An unknown virus eliminates the better half of the countryworld. It is highly contagious and if you have it, you're already dead. Four people, two brothers and two females travel across the countryside to find a place to settle, away from this horror. Along the way they come across moral dilemmas and even though they have a strict set of rules, end up breaking a few.
Those rules I spoke of are pretty simple. 1. Avoid populated areas at all costs. 2. If you come in contact with other people, assume they have it. 3. The virus can survive on surfaces up to 24 hours. Never touch something that is not disinfected. 4. The sick are already dead and they cannot be saved.
So it is safe to assume that in order to have an entertaining film and some high tension conflict, some of these characters need to break those rules. The so called leader of the group is Chris Pine, who plays Brian. He's the one who made up the rules and will kick you out of the car as soon as you become infected. He has no problem leaving people stranded and left to die in order to further his own survival. His brother Danny, played by Lou Taylor Pucci is a little more compassionate for others. He's not as tough. Bobby is Brian's girlfriend, played by Piper Perabo. She doesn't have too much to do in the film except play that girlfriend type. Finally we come to another underwritten character Kate, played by Emily VanCamp. Her thing is checking to see if pay phones still work so she can call her family, even though they are most likely dead.
As stated before, the two females in this film are underused and underwritten. They seem like background characters to add the missing feminine aspect of the film. Chris Pine is great as the older brother, his no nonsense and cocky attitude are also qualities seen in the recent Star Trek film. The most emotional character that I think people are going to be able to relate to is not even one of our four. Instead it's a minor character that we are introduced to early on, Frank, played by Christopher Meloni of Oz and Law & Order fame. He has the unfortunate task of looking after his infected daughter. He meets our leads and they take his car, striking a deal to bring him along to a hospital for a cure he thinks exists. A very heartfelt and depressing scene involves his daughter needing to go to the washroom. He asks her to be a big girl and go herself, so he can stay with the car, fearing they will abandon him and his daughter. Christopher Meloni is an underused actor who needs more work people.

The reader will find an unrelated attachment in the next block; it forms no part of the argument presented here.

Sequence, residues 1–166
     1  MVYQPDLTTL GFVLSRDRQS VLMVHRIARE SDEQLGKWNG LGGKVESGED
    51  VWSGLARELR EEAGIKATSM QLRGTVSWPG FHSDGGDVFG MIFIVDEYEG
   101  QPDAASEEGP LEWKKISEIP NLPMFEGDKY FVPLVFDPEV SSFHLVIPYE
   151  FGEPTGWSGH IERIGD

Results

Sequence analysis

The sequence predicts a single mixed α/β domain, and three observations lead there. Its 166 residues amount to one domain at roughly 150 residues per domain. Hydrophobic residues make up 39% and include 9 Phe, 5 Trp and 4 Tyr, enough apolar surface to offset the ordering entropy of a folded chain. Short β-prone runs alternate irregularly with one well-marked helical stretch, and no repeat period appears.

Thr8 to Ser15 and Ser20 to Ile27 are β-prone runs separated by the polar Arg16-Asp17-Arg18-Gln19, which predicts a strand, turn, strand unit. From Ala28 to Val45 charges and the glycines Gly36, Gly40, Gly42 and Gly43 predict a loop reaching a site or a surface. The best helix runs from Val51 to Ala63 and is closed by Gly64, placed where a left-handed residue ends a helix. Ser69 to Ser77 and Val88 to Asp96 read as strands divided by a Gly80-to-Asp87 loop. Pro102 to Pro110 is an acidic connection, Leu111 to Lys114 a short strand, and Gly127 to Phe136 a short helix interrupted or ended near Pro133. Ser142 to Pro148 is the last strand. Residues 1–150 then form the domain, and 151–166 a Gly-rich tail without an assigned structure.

The film never explains the virus or how global it really is. I'm assuming it's the entire world and not just the country. The unexplained events on how or why it happened leaves it all up to the viewer to decide. All that is known is that the virus is highly contagious and if you get it, you'll be dead soon. The characters make usual stops here and there for sleep and gas, at every stop they encounter some kind of problem. It becomes a bit predictable, but it never ceases to keep you interested. I found the film to be quite thrilling at times.
The thing that Carriers does well is leave you with questions to ask yourself. What would you do in this situation. Would you leave your loved ones to die because you don't want to get infected, or would you try to help them and work around this obstacle? The film shows those two choices put into action. Carriers is not a horror film, even though people seem to think so, nor is it an action filled thriller. There are some intense scenes, but to me it mostly played out like a drama. It is only 89 or so minutes, so it goes by fairly quickly, even though some people have been complaining about it's sluggish start. I think the setting of being in a desert added to the desolate and slow feel at times. In the end, Carriers is a good epidemic film. Not a lot happens in it, but the story and my personal thoughts on what I would do in this situation are enough for me to recommend it.
Review by Matt_Layden from the Internet Movie Database.